But the myth turns out to be true. Currently, if you are want to do so, you can locate a copy of the full one hour and forty-six minute movie, complete with FOX logo at the beginning and DVD quality sound and image. The only thing missing? Lots and lots of completed F/X shots (the studio also argues that this is far from the “final” cut). For those who have downloaded it and perused the overall effort, the verdict seems pretty unanimous - Gavin Hood has done a decent job and fans can feel confident in the film. Even with the lacking CG and visual polish, there’s a lot to like about this action-packed prequel. So the question becomes - why all the handwringing. Is FOX literally sweating over the possibility that people won’t turn up in four weeks, satisfied that they have seen an advanced, though incomplete, version of one of 2009’s premiere popcorn titles?

The answer, obviously, is yes…and no. Assuming for the moment that this was not an inside job (or a completely controlled bit of pre-publicity), any studio would be remiss to not take such a leak seriously. The downsides far outweigh any buzz-based up. No matter how good or great the final version is, viewers who’ve taken the time to download the advance will already have an opinion. They will then place such judgment all over the web for the world to see. They will debate the merits and condemn the creative misfires - and all of this will be done without the studio having a single thing to say about it. Even if the advance word is all good, stealing one’s thunder is never beneficial for the all powerful, all dependent hype machine.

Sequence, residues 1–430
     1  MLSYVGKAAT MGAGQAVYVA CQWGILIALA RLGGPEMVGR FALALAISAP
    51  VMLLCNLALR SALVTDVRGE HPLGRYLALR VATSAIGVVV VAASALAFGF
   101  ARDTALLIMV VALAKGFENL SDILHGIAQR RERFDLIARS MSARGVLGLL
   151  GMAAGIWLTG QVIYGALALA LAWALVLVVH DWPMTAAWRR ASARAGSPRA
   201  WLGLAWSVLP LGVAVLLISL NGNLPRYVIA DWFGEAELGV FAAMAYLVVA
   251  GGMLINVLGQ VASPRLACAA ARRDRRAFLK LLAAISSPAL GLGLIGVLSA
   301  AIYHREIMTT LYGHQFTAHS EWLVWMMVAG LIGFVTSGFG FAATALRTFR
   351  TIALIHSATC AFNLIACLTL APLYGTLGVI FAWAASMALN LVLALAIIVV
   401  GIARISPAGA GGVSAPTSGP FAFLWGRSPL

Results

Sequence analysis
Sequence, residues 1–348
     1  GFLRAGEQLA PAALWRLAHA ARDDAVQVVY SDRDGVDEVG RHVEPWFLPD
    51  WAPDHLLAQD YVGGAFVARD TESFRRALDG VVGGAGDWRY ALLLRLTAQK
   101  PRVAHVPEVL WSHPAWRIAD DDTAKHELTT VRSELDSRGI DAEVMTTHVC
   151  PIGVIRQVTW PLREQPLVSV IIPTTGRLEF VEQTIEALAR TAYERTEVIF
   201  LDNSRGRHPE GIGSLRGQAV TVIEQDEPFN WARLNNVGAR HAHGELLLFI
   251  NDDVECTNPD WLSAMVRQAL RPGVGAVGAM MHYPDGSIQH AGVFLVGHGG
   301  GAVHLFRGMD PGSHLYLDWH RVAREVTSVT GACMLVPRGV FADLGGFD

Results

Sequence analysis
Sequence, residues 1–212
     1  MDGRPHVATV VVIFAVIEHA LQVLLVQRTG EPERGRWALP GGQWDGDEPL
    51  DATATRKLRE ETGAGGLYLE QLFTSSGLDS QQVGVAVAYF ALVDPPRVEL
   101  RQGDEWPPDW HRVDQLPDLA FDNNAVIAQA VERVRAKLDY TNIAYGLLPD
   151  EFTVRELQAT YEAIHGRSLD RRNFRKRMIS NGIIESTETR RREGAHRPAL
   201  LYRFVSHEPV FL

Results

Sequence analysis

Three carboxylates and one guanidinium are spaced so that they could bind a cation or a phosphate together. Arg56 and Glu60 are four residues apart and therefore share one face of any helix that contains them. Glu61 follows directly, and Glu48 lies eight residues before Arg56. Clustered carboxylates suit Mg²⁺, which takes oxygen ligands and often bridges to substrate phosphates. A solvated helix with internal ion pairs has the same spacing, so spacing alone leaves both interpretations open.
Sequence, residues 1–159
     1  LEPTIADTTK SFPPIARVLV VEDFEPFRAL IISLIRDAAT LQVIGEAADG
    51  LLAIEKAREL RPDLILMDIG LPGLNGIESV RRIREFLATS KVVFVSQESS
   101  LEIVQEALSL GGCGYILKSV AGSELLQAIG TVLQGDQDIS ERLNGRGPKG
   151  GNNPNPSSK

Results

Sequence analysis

Companies like FOX pay multi-millions to marketing pros who plan out a film’s release pattern many, many months in advance. Everything from standard advertising to new, novel viral campaigns are carefully controlled, purposefully plotted, closely monitored, and immediately manipulated should they fail to fulfill their money-making mandate. Even seemingly innocent facets like press screenings and junket tours are offered (or refused) in order to guarantee a certain level - and demeanor - of exposure. Studios rarely, if ever, let the movie do the talking. Film criticism used to be controlled by an Establishment cabal committed to setting the artistic agenda. Nowadays, anyone with a laptop and a vague idea of noun-verb agreement are making such rash determinations. And no suit has survived based on aesthetic merits alone.